A second place I hope to find answers and reassurances about my place in the universe is everywhere and nowhere in particular. I might search horoscopes, scanning all signs for messages that reinforce a sense of hope or possibility. I am going to need plenty of help if and when I have to battle cruelty and injustice. Once in Lyman’s chess column above the Cryptoquip in the Chronicle I read these words: “Chess – like other sports – teaches us that defeat is not total or forever. ‘One day you give your opponent a lesson, the next day, he gives you one.’” And there’s Heidi Klum on Project Runway: “One day you’re in, the next day you’re out. Those thoughts resonate.
I gave my sister a thought she could use on a day she felt angry with her life and called to tell me she had lost her voice yelling at god. I said to her “That’s like yelling at a tree.” She found this comment useful and profound and called me back to say so. No evidence has yet been unearthed to support my observation, but isn’t it possible?
Between the possible and the certain runs a practically indiscernible line. I have tried not to cross it. But errors can occur. Take Fact #129 under the lid of the Snapple Diet Iced Tea. That Sunday in the lobby of the Jewish Community Center I alone believed a mosquito has 47 teeth. Skeptically, my friends questioned the accuracy of Snapple lid fact #129. Nevertheless, I told all in earshot what I knew. Whatever disbelief I met, I dismissed. But I had been misinformed; mosquitoes do have teeth but not 47. As a result of googling mosquito teeth, I learn the bottle cap was not gospel. Well, Alison, I mused, next time you find a fact in a bottle cap, pose it as possible not certain.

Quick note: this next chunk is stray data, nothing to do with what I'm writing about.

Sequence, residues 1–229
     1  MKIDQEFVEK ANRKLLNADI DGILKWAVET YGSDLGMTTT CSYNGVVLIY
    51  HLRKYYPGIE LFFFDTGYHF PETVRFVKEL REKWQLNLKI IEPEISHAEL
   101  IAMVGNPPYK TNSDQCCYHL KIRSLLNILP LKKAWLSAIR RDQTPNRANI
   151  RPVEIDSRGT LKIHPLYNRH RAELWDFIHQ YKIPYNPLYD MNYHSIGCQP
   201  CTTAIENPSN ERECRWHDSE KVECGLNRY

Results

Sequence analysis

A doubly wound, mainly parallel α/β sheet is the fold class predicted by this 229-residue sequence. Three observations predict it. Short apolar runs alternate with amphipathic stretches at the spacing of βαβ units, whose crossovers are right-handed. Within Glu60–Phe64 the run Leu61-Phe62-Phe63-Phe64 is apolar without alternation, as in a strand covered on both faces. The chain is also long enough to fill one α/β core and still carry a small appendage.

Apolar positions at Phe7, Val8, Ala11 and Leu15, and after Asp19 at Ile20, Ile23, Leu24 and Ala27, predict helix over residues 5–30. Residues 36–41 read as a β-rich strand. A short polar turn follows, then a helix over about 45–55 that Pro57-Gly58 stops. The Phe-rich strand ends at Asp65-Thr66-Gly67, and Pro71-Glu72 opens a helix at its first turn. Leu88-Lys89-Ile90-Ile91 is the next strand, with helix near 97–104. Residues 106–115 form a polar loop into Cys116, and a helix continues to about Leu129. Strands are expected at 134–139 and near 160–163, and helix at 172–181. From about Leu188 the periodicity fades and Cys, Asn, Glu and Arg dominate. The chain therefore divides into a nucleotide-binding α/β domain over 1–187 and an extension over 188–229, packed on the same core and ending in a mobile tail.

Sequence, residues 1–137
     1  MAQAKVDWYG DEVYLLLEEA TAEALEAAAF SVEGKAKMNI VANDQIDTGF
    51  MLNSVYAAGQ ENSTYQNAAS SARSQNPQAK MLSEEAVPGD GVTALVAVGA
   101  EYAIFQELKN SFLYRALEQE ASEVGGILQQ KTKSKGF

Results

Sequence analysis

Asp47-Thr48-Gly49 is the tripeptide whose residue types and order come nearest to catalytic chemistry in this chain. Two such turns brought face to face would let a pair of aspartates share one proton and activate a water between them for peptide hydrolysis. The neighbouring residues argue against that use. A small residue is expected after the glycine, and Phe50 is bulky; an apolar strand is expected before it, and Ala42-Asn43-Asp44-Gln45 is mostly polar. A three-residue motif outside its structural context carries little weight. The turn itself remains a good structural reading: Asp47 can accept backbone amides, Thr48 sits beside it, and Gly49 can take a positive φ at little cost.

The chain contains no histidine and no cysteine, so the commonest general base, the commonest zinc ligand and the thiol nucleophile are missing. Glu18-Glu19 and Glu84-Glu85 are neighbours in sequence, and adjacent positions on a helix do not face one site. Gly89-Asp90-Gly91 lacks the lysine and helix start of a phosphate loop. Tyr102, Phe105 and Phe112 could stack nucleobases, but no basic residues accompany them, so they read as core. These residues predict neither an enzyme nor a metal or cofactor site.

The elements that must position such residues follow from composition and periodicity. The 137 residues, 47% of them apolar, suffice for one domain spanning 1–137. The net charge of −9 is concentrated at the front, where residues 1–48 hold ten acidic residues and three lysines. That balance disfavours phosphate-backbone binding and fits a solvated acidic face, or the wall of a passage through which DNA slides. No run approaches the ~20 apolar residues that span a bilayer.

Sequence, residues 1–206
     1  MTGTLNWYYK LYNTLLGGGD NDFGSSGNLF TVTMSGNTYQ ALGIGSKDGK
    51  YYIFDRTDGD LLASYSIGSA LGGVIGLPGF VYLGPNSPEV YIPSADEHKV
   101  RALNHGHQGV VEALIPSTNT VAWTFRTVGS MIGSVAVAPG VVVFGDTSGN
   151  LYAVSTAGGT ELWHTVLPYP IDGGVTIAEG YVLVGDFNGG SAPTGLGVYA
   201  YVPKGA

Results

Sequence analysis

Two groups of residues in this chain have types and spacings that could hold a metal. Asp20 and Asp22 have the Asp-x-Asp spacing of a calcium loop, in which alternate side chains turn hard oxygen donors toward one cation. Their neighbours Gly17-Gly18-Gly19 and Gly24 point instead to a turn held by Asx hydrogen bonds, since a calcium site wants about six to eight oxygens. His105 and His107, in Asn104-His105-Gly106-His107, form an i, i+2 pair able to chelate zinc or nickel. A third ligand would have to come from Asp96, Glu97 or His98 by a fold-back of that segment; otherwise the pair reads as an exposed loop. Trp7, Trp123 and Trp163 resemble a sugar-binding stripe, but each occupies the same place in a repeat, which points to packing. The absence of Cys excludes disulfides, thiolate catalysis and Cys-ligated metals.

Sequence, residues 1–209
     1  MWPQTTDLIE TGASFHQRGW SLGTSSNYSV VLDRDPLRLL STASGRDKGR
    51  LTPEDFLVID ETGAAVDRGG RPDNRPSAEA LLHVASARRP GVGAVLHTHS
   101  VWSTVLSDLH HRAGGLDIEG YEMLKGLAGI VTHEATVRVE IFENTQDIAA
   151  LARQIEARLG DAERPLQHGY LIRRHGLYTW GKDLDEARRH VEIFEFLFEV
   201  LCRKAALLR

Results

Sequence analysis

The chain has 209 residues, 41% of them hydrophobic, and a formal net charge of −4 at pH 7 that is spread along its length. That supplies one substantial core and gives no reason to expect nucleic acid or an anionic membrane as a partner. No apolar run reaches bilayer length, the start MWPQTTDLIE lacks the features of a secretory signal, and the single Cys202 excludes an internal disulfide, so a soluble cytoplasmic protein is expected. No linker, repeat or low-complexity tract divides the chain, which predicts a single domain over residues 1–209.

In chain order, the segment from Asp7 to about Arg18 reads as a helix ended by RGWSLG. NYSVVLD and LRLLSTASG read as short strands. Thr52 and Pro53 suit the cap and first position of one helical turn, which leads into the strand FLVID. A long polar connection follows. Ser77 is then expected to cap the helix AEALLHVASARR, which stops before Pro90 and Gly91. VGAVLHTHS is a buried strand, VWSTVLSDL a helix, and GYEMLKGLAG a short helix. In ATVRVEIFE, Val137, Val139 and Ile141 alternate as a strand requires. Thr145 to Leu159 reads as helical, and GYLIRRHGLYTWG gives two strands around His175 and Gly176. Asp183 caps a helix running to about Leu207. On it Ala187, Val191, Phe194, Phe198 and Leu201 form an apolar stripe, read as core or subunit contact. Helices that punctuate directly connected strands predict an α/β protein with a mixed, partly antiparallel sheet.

That seems like an apt lesson in humility for one whose access to information is already limited by a perspective nowhere over the rainbow and certainly not way up high.
Fortunately, the world I love is full of people not like me, who recognize the big picture when they see it or know where to find information about it. For example in Don’t Sweat the Small Stuff, R. Carlson advises us earth-dwellers to view our trivial concerns against the backdrop of a vast universe wherein we are microscopic dots.
I see the wisdom therein, though contemplating being this insignificant does not increase my hopefulness or sense of empowerment, not the way meeting the eye of a dog in a coffee shop can tune me up for large or small encounters with cruelty and injustice.